Clayton, N.Y.

After our time in Massachusetts, we drove to Clayton, N.Y. We spent the evening shooting along the St. Lawrence River, flying our drone and enjoying the beautiful sights. The following morning, we were ready for day 6 of filming, with Save the River. 

Lee Willbanks holds the title of Upper St. Lawrence Riverkeeper and Executive Director of Save the River, a community based organization located in Clayton, N.Y., formed in 1978 to protect and preserve the ecological integrity of the Upper St. Lawrence River through advocacy, education, and research.


On this breezy day, we had the good fortune of hitching a ride with Willbanks and Jeff Garnsey, president of Save the River’s Board of Directors and a 7th generation resident of Clayton and a 3rd generation fishing guide.

Clayton is a quaint village situated right in the heart of upstate New York’s 1000 Island Region, a scenic area that has been a tourist attraction for more than 100 years. Visitors from all over the world come to these cool, deep waters to paddle board, fish, swim, kayak, and birdwatch.

But the beauty of the place belies a multitude of problems, including chemical pollution, multiple invasive species, inconsistent water flow, and shoreline erosion, just to name a few.

“We have tremendous problems with these,” Willbanks said. “We keep coming up with new ways to screw ourselves.”

Among the many challenges facing the St. Lawrence, which is 1,900 miles long and flows between New York and the Canadian provinces of Ontario and Quebec, is the fact that it’s a major commercial seaway that also drains the Great Lakes, eventually emptying into the Gulf of St. Lawrence and the Atlantic Ocean.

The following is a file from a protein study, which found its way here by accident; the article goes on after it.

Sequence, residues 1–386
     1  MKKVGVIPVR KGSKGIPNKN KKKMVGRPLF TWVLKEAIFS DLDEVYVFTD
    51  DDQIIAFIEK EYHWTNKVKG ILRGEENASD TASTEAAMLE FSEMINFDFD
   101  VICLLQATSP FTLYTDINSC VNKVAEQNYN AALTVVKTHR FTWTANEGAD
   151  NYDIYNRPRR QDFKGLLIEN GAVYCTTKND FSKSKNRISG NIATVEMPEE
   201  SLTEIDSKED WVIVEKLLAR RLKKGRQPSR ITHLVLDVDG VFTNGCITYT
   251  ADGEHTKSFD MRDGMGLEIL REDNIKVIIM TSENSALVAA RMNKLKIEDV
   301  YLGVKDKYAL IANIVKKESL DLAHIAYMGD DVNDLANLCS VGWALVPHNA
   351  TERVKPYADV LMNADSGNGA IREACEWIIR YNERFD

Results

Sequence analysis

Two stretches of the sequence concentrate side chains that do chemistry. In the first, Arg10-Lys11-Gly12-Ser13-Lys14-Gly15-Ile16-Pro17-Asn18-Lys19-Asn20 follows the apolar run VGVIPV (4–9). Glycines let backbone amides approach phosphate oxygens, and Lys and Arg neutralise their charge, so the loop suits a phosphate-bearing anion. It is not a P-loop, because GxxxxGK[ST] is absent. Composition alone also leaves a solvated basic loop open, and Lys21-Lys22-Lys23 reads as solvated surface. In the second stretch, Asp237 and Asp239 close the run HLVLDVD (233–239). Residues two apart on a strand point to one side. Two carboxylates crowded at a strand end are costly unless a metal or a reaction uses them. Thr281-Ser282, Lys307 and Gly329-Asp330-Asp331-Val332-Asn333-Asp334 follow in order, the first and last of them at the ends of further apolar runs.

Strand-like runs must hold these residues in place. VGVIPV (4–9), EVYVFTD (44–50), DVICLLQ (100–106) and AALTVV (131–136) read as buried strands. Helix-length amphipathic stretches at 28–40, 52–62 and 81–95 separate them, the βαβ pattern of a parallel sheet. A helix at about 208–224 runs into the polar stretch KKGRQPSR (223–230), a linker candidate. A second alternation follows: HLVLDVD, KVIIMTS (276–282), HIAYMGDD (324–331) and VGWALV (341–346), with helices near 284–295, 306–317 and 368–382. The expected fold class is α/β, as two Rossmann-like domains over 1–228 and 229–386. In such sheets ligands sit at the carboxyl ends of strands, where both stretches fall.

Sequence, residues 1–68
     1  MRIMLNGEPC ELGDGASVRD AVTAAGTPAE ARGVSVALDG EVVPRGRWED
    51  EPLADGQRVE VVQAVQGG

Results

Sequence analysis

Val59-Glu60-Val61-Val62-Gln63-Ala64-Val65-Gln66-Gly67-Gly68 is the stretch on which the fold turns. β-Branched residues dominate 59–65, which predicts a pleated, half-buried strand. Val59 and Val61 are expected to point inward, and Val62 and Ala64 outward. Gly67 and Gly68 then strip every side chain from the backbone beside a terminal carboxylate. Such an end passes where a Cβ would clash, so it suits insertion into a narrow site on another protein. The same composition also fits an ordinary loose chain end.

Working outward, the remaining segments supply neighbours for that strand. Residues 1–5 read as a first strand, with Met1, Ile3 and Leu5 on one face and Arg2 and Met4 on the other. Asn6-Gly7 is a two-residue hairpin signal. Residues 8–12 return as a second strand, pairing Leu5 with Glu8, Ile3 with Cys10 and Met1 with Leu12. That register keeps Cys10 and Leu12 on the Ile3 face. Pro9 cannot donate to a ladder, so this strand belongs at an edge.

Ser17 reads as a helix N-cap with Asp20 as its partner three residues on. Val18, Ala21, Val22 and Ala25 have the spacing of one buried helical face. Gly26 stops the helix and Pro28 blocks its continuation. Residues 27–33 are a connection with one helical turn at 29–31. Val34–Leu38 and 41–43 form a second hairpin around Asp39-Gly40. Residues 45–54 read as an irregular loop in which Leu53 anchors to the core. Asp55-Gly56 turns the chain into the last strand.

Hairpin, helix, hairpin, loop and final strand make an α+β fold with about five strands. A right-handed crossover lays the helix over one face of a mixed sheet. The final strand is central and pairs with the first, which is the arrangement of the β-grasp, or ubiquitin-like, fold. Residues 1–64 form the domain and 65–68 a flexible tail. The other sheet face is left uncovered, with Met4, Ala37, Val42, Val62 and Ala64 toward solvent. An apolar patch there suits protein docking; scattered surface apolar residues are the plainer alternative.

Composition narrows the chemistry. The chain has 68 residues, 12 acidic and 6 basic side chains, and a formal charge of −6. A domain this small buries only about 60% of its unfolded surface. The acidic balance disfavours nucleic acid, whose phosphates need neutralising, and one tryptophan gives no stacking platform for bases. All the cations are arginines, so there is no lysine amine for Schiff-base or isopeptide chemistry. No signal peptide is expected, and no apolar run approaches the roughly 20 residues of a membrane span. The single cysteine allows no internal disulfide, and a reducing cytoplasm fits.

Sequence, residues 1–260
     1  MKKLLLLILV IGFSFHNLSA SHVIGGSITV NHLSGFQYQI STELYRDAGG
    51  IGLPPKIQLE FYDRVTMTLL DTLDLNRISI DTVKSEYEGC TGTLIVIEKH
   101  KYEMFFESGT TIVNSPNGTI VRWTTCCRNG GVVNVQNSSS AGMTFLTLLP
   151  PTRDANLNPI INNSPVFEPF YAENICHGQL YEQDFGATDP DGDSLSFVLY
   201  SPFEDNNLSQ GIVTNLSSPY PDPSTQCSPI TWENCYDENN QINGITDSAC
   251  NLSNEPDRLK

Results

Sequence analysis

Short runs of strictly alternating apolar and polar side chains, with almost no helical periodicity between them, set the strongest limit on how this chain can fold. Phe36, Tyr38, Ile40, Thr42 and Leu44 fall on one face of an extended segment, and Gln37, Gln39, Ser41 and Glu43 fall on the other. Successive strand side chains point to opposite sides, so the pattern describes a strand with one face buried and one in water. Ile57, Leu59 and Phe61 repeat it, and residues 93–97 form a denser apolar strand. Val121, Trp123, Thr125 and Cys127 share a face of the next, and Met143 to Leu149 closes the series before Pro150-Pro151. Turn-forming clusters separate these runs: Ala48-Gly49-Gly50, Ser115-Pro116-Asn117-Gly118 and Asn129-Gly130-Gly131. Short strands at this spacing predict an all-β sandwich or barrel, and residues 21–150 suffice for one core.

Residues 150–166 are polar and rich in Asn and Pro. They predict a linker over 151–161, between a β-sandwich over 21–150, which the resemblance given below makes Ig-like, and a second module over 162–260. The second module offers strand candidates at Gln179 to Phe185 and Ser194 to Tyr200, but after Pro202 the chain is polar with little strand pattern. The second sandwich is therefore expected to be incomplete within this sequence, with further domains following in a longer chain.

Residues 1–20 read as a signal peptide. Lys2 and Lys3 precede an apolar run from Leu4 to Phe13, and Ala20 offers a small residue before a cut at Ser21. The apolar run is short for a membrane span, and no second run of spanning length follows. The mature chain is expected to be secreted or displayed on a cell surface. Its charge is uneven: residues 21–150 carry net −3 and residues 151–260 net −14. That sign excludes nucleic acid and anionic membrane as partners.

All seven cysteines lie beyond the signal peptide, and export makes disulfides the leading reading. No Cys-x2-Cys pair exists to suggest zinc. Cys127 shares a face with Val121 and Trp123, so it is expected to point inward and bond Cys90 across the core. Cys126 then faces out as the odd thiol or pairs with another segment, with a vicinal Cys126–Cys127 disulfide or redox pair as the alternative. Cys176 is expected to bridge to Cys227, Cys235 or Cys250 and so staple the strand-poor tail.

The river also flows through several Canadian First Nations and Native American lands. In peak season, the possibility of marine accidents and possible oil spills can keep the residents of Clayton on edge.

In addition, residents along the St. Lawrence are contending with the ongoing effects of population growth, storm runoff, urban development, and climate change.

Add to all of that the occasional raw sewage discharge from cities along the St. Lawrence, the most recent of which occurred in late 2015 when the City of Montreal dumped close to 5 billion litres of untreated wastewater into the river over four days in order to repair parts of its sewage system.

Despite all of these problems, Willbanks remains hopeful that people will begin to understand the importance of waterways.

“After decades of facing away from the river,” said Willbanks, “communities are turning toward their rivers. This is significant.”

Next, we head to Ontario and Akwesasne, where we will meet with local officials, scientists and Saint Regis Mohawk elders to hear their perspectives on river protection and restoration efforts along the St. Lawrence.

To see more photos of our time in Clayton, N.Y. please visit our Clayton photos in the St. Lawrence River gallery.